Electric guitar



When Riley B. “BB” King passed away at the age of 89 in 2015, he left behind a six-decade musical legacy as the “King of Blues”. Since starting recording in the 1940s, King has released over sixty albums, toured extensively – averaging hundreds of shows each year, and defined the blues for millions with one of the most recognizable guitar styles in the world. From humble beginnings on a cotton plantation in Indianola, Mississippi, he went on to become one of the most influential musicians of all time, cited by nearly all the great blues and rock musicians who followed him, from Eric Clapton and George Harrison to Jeff Beck and Bono.

One of the first to start the trend among musicians to name their favorite guitars, BB King was notoriously inseparable from “Lucille” for over 50 years, often joking that she was the only woman in his life. “The minute I stop singing orally,” King said, “I start singing playing Lucille.” What distinguishes “Lucille” from Eric Clapton’s “Blackie” for example, is that there is not just one “Lucille”, but a procession of guitars throughout his career, which have all received the nickname. The legend of Lucille dates back to the winter of 1949, when a young BB rushed into a burning dance hall in Twist, Arkansas, to save his guitar, then a cheap Gibson L-3 archtop, after two men knocked over a kerosene burning barrel while fighting over a girl of the same name. Having also risked his own life, King decided to name his guitar “Lucille” to remind her “never to do something so stupid again”.

After experimenting with Fenders, Gretsches and Silvertones in his early years, the bluesman became best known for playing Gibsons, and more specifically the semi-hollow stereo ES-355, telling Guitar Player magazine in 2007: ” when I found this little Gibson with the long neck, it did. It’s like finding your wife forever. The ES-355 remained his guitar of choice from its first use in 1967 until its collaboration with Gibson on the signature BB King model in 1980, named Lucille.

Photographs suggest that King acquired two high-end cherry red stereo ES-355s around the same time around 1967, one with a standard Gibson Maestro tremolo and the other with a Bigsby tremolo. With its distinctive Bigsby tailpiece, the current guitar is easily distinguished from its counterpart by Grover tuners rather than standard Klusons, a black plastic outline under the toggle switch grommet and neck pickup inversion so that the poles are towards the bridge rather than the neck. When American journalist Michael Lydon accompanied King on tour in late 1968, he noted that “the current Lucille – a red Gibson with gold frets and mother-of-pearl inlays” – was Lucille number seven. guitar is probably Lucille number 6, 7 or 8, as it is certainly one of the first two cherry red ES-355 that BB was spotted with.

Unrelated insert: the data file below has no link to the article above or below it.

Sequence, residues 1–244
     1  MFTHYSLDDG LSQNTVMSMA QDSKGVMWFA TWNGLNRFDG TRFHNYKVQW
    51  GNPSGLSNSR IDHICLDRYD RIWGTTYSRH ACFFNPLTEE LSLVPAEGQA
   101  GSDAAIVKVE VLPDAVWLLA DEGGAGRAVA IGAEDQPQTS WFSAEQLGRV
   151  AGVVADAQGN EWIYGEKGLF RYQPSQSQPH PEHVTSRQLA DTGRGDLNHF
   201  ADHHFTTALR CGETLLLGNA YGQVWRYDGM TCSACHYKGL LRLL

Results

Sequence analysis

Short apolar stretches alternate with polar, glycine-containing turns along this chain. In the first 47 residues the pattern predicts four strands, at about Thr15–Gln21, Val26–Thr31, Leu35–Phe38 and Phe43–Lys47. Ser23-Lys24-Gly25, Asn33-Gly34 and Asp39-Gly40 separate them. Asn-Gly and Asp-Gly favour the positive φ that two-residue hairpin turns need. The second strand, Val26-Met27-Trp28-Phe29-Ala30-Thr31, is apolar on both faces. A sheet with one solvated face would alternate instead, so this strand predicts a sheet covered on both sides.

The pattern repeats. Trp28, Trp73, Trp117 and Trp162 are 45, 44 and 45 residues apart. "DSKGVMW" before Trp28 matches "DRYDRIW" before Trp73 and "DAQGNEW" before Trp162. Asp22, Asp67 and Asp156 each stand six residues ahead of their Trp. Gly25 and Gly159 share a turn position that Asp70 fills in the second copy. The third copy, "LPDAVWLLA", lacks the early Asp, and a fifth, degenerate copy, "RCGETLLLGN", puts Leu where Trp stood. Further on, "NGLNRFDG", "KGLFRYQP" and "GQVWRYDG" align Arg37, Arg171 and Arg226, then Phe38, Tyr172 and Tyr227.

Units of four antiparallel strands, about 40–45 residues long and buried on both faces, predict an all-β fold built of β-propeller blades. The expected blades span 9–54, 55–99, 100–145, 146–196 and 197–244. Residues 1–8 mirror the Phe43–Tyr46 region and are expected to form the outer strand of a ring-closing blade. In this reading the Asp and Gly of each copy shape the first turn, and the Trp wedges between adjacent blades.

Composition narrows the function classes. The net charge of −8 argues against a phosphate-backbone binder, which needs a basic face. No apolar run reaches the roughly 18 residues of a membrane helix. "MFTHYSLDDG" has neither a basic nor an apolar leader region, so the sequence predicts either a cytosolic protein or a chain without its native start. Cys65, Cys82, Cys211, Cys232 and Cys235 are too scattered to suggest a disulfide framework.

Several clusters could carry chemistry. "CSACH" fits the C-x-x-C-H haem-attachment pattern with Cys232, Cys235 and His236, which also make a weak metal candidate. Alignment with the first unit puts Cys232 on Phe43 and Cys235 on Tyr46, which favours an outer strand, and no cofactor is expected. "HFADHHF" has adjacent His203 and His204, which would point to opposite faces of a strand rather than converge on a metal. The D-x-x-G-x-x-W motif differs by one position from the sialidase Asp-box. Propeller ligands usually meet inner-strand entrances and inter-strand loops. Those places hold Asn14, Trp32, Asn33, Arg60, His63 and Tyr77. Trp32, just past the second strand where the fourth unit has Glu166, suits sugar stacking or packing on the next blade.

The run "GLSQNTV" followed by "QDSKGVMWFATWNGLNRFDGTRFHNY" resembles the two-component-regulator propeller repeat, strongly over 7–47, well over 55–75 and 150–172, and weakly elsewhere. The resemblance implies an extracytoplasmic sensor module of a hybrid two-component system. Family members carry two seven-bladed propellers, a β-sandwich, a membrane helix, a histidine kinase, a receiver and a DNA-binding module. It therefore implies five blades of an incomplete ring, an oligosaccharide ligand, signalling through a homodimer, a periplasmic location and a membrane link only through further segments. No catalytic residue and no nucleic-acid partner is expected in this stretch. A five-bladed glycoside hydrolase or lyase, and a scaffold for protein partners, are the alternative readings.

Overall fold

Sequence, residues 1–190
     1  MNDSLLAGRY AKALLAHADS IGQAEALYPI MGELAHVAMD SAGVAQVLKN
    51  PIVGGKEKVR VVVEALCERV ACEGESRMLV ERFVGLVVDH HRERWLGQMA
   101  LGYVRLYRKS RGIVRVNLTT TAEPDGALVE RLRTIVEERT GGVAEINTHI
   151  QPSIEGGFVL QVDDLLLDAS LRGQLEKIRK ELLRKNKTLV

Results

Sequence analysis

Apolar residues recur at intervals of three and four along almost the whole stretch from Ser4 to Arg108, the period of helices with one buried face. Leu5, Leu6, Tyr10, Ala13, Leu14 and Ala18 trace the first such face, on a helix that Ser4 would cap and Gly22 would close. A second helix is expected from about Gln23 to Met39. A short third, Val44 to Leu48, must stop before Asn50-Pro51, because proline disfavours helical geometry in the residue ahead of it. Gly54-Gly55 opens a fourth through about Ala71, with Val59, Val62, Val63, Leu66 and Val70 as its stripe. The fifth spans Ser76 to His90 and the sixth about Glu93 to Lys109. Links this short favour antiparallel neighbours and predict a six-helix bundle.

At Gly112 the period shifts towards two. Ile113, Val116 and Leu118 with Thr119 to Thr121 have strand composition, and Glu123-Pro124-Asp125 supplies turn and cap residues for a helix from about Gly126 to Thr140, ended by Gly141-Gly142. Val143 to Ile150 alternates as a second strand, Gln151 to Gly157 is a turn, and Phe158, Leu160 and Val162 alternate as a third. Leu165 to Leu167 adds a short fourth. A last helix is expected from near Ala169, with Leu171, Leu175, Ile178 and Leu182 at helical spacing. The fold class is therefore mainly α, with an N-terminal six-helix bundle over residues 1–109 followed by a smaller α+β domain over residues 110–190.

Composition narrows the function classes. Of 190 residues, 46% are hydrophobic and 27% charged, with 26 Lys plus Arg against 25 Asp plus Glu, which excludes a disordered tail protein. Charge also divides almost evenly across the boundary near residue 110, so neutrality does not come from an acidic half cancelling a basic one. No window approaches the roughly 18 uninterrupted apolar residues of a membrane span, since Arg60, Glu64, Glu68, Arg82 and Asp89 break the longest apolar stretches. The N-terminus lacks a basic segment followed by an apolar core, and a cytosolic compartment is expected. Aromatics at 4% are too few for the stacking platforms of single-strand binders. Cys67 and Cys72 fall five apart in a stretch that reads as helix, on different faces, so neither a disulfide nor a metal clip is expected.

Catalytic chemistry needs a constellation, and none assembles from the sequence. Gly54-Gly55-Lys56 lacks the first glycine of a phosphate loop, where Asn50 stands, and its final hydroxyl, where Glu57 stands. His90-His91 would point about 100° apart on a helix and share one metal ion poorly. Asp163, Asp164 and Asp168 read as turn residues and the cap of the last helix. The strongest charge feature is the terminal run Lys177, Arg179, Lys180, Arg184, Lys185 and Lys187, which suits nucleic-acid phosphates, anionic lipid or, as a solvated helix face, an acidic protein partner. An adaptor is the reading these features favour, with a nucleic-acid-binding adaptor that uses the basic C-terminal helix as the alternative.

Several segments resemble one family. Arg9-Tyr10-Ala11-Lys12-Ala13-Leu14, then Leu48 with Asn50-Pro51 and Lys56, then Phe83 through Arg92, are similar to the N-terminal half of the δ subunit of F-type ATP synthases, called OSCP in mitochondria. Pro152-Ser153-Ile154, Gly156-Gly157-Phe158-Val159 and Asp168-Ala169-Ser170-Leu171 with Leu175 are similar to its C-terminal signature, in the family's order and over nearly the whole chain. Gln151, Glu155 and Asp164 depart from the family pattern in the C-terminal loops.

A defining year for BB King, 1968 saw him perform for the first time in front of a predominantly white crowd at Bill Graham’s Fillmore West, increasing his reach to a wider audience and allowing him to break into the pop charts. Courted by the blues-rock counterculture stars who idolized him, King casually began jamming with musicians like Eric Clapton and Jimi Hendrix, leading to a supporting tour with the Rolling Stones in 1969. He would also release l ‘album. Lucille, the title song rightly dedicated to his faithful companion. King chose this Lucille, along with the Bigsby tailpiece, for another historic performance that same year at the Newport Folk Festival in Newport, Rhode Island on July 27, 1968, as seen in photographs by David Gahr and Elliot Landy. Join a roster of contemporary folk-rock artists including Big Brother and the Holding Company, Joan Baez and Joni Mitchell, King’s setlist included Every day I have the blues, how blue can you get ?, Sweet Sixteen and Please accept my love. Reviewing the festival for Rolling Stone magazine, Jon Landau said, “I think BB King is the greatest blues singer I’ve ever heard and probably the greatest guitarist too. It was nice to see him go wild towards the end and pose a bad guy, bad guy, Sweet sixteen. ” Photographs by Walter Iooss show King, dressed in a bright orange suit, playing that same ES-355 at an unidentified New York club that same year – possibly at the Generation Club where BB performed a series of shows in April. 1968.